Sleep apnea

Sleep apnea, also spelled sleep apnoea, is a sleep disorder in which pauses in breathing or periods of shallow breathing during sleep occur more often than normal.[1] Each pause can last for a few seconds to a few minutes and they happen many times a night.[1] In the most common form, this follows loud snoring.[2] There may be a choking or snorting sound as breathing resumes.[1] Because the disorder disrupts normal sleep, those affected may experience sleepiness or feel tired during the day.[1] In children, it may cause hyperactivity or problems in school.[2]

Sleep apnea
Other namesSleep apnoea, sleep apnea syndrome
Obstructive sleep apnea
SpecialtyOtorhinolaryngology, sleep medicine
SymptomsPauses breathing or periods of shallow breathing during sleep, snoring, tired during the day[1][2]
ComplicationsHeart attack, stroke, diabetes, heart failure, irregular heartbeat, obesity, motor vehicle collisions,[1] Alzheimer's disease,[3][4] and premature death[5]
Usual onsetVaries; 50% of women age 20-70[6]
TypesObstructive sleep apnea (OSA), central sleep apnea (CSA), mixed sleep apnea[1]
Risk factorsOverweight, family history, allergies, enlarged tonsils[7]
Diagnostic methodOvernight sleep study[8]
TreatmentLifestyle changes, mouthpieces, breathing devices, surgery[1]
Frequency~ 1 in every 10 people,[4][9] 2:1 ratio of men to women, aging and obesity higher risk [6]

Sleep apnea may be either obstructive sleep apnea (OSA), in which breathing is interrupted by a blockage of air flow, central sleep apnea (CSA), in which regular unconscious breath simply stops, or a combination of the two.[1] OSA is the most common form.[1] OSA has four key contributors; these include “anatomical compromises" like a narrow, crowded, or collapsible upper airway. Or “non-anatomical” ones like an ineffective pharyngeal dilator muscle function during sleep, airway narrowing during sleep, or unstable control of breathing (high loop gain).[10] Other risk factors include being overweight, a family history of the condition, allergies, and enlarged tonsils.[7] Some people with sleep apnea are unaware they have the condition.[1] In many cases it is first observed by a family member.[1] Sleep apnea is often diagnosed with an overnight sleep study.[8] For a diagnosis of sleep apnea, more than five episodes per hour must occur.[11]

In central sleep apnea (CSA), the basic neurological controls for breathing rate malfunction and fail to give the signal to inhale, causing the individual to miss one or more cycles of breathing. If the pause in breathing is long enough, the percentage of oxygen in the circulation will drop to a lower than normal level (hypoxaemia) and the concentration of carbon dioxide will build to a higher than normal level (hypercapnia).[12] In turn, these conditions of hypoxia and hypercapnia will trigger additional effects on the body. Brain cells need constant oxygen to live, and if the level of blood oxygen goes low enough for long enough, the consequences of brain damage and even death will occur. However, central sleep apnea is more often a chronic condition that causes much milder effects than sudden death. The exact effects of the condition will depend on how severe the apnea is and on the individual characteristics of the person having the apnea.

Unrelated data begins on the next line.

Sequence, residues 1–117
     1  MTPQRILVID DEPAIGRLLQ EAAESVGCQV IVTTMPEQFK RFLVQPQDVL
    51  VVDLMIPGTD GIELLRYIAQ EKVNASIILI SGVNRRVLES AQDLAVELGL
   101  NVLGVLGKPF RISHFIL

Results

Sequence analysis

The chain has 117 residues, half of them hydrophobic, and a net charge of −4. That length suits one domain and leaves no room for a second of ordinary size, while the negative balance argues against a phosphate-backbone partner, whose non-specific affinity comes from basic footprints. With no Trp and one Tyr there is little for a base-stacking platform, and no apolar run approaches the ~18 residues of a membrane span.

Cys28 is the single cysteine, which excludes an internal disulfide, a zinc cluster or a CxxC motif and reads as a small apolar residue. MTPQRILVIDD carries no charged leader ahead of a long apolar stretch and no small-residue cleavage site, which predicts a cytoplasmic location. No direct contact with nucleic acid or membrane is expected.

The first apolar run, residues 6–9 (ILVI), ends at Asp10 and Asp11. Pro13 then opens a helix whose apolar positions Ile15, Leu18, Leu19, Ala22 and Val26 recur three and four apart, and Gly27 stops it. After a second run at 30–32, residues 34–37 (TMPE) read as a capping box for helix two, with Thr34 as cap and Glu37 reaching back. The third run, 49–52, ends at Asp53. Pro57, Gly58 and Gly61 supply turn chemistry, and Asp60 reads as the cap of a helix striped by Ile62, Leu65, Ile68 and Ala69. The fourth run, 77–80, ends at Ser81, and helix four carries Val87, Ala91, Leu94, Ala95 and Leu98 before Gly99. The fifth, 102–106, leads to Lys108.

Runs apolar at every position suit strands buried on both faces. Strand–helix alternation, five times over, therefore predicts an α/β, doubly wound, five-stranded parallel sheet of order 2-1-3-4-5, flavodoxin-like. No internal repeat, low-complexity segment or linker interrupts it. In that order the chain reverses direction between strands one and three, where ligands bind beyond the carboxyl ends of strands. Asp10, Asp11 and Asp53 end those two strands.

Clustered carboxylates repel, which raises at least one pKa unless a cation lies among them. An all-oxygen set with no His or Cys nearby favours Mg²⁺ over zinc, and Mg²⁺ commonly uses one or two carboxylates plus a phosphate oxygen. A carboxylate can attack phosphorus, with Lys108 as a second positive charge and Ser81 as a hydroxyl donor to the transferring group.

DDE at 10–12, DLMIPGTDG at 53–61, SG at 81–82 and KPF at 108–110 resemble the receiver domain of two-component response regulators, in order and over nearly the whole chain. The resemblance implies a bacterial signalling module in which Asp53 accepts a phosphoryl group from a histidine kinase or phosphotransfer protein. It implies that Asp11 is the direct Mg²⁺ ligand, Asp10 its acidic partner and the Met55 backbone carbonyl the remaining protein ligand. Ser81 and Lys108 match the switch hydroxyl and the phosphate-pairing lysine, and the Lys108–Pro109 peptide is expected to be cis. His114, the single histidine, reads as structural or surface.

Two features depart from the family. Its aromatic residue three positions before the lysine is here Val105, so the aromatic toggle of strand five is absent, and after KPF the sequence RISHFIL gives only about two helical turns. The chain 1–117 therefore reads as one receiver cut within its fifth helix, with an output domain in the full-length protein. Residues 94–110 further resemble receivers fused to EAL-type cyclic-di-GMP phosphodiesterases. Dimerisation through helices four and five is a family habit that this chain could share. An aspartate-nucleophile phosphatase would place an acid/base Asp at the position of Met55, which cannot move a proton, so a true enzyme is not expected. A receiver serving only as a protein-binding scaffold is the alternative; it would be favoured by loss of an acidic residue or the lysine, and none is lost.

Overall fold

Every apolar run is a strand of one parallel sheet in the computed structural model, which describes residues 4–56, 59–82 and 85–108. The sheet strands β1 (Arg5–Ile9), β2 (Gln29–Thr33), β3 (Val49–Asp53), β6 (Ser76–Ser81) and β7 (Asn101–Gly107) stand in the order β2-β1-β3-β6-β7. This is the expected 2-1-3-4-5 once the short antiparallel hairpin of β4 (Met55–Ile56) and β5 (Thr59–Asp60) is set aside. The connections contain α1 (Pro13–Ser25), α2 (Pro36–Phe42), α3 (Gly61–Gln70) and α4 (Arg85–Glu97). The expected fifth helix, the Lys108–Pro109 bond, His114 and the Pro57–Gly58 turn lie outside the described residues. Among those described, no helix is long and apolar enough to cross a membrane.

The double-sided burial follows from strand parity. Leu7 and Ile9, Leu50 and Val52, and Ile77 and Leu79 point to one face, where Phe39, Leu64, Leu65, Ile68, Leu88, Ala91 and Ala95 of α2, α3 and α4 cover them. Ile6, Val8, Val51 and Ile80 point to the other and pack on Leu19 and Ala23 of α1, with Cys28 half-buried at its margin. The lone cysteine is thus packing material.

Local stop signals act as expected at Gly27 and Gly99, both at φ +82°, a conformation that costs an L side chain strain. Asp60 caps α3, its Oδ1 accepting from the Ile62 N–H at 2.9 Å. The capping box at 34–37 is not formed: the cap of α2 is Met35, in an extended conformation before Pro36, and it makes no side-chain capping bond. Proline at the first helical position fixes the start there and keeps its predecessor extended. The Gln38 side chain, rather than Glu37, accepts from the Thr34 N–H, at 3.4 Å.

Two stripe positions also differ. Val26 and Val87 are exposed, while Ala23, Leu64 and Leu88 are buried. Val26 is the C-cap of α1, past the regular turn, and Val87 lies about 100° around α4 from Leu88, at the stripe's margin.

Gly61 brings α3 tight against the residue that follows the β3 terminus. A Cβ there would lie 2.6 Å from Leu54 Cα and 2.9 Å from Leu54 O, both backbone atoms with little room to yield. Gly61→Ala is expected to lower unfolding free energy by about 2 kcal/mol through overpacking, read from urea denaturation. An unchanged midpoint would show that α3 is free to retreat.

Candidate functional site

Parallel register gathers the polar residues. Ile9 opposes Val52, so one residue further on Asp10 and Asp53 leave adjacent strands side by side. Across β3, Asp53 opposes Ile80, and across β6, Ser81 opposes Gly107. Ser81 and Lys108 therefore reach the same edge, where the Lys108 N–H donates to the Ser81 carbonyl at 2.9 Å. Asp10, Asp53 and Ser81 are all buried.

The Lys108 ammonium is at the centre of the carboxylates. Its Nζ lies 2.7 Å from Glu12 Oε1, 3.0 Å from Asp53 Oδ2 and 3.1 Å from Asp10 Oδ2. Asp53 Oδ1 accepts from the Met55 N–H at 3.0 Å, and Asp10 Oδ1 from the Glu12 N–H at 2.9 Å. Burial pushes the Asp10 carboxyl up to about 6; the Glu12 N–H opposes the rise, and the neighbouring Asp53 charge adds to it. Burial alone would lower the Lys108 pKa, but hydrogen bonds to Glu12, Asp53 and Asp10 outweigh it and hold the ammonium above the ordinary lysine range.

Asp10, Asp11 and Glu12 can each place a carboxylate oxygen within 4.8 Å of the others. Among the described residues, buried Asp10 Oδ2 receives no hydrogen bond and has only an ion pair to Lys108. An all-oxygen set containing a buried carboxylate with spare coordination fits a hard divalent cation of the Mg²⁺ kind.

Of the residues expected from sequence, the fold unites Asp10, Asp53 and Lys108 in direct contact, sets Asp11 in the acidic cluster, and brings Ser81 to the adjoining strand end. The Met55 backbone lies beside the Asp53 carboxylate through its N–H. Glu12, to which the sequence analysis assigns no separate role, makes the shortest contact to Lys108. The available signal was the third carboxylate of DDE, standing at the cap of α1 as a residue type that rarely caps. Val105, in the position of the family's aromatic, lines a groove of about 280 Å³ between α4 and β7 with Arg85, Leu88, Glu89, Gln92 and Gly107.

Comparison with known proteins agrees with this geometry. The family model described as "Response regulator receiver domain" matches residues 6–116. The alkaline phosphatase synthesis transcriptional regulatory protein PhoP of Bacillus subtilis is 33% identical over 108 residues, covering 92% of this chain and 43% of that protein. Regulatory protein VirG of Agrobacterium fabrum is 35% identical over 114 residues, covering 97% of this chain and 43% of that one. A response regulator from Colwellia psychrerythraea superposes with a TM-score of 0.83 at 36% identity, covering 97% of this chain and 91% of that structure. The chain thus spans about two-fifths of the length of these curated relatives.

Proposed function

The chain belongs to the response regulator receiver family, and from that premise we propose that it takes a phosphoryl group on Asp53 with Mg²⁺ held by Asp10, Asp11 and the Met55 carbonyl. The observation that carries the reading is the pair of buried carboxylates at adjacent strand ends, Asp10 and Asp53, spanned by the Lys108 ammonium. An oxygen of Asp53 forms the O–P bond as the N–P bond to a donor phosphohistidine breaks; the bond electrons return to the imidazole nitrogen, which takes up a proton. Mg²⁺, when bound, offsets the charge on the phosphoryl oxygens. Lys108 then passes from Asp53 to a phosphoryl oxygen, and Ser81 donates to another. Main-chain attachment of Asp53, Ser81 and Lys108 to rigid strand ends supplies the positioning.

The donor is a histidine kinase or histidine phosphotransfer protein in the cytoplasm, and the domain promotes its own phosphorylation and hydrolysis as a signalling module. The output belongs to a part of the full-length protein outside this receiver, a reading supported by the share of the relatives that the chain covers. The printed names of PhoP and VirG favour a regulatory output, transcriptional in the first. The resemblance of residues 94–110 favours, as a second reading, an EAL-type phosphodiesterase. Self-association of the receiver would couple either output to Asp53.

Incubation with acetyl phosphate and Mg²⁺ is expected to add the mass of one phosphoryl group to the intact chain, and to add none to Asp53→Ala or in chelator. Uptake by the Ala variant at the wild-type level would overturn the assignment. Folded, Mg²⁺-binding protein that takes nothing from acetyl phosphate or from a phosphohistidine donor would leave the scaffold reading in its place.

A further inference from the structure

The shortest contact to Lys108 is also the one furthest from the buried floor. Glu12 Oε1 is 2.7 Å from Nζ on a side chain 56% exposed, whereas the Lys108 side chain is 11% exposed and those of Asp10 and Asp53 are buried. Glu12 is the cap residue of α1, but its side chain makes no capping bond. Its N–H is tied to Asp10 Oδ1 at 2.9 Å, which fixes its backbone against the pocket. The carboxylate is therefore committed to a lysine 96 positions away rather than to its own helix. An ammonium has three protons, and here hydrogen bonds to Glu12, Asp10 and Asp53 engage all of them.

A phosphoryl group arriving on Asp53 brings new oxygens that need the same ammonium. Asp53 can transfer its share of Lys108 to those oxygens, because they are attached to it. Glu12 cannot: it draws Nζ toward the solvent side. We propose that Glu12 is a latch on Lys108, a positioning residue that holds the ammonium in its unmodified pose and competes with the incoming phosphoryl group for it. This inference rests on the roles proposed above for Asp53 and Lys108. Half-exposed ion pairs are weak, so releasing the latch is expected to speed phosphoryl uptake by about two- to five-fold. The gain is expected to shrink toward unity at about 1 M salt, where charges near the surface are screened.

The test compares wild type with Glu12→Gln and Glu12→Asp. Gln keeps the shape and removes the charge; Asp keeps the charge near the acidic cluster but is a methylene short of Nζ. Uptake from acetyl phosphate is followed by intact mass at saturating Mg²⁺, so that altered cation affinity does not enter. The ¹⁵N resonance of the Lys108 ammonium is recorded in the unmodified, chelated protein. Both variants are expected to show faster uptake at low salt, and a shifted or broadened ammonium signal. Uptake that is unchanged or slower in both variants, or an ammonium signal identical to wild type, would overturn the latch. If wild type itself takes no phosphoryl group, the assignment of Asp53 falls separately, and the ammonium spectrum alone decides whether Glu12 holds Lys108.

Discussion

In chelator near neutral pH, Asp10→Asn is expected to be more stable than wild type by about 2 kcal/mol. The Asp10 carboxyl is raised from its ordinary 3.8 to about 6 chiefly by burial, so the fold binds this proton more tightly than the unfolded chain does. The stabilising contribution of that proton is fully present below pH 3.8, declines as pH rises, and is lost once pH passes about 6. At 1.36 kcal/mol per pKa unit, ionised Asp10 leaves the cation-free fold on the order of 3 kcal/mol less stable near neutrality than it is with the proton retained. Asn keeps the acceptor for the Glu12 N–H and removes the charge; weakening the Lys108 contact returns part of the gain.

Treatment may include lifestyle changes, mouthpieces, breathing devices, and surgery.[1] Lifestyle changes may include avoiding alcohol, losing weight, stopping smoking, and sleeping on one's side.[13] Breathing devices include the use of a CPAP machine.[13] With proper use, CPAP improves outcomes.[14] Evidence suggests that CPAP may improve sensitivity to insulin, blood pressure, and sleepiness.[15][16][17] Long term compliance, however, is an issue with more than half of people not appropriately using the device.[14][18] In 2017, only 15% of potential patients in developed countries used CPAP machines, while in developing countries well under 1% of potential patients used CPAP.[19] Without treatment, sleep apnea may increase the risk of heart attack, stroke, diabetes, heart failure, irregular heartbeat, obesity, and motor vehicle collisions.[1]

Alzheimer's Disease and severe obstructive sleep apnea are connected[3] because there is an increase in the protein beta-amyloid as well as white-matter damage. These are the main indicators of Alzheimer's, which in this case comes from the lack of proper rest or poorer sleep efficiency resulting in neurodegeneration.[4] Having sleep apnea in mid-life brings a higher likelihood of developing Alzheimer's in older age, and if one has Alzheimer's then one is also more likely to have sleep apnea.[9] This is demonstrated by cases of sleep apnea even being misdiagnosed as dementia.[20] With the use of treatment through CPAP, there is a reversible risk factor in terms of the amyloid proteins. This usually restores brain structure and cognitive impairment.[21][22]

OSA is a common sleep disorder. A large analysis in 2019 of the estimated prevalence of OSA found that OSA affects 936 million—1 billion people between the ages of 30-69 globally, or roughly every 1 in 10 people, and up to 30% of the elderly.[23] Sleep apnea is somewhat more common in men than women, roughly a 2:1 ratio of men to women, and in general more people are likely to have it with older age and obesity.[6]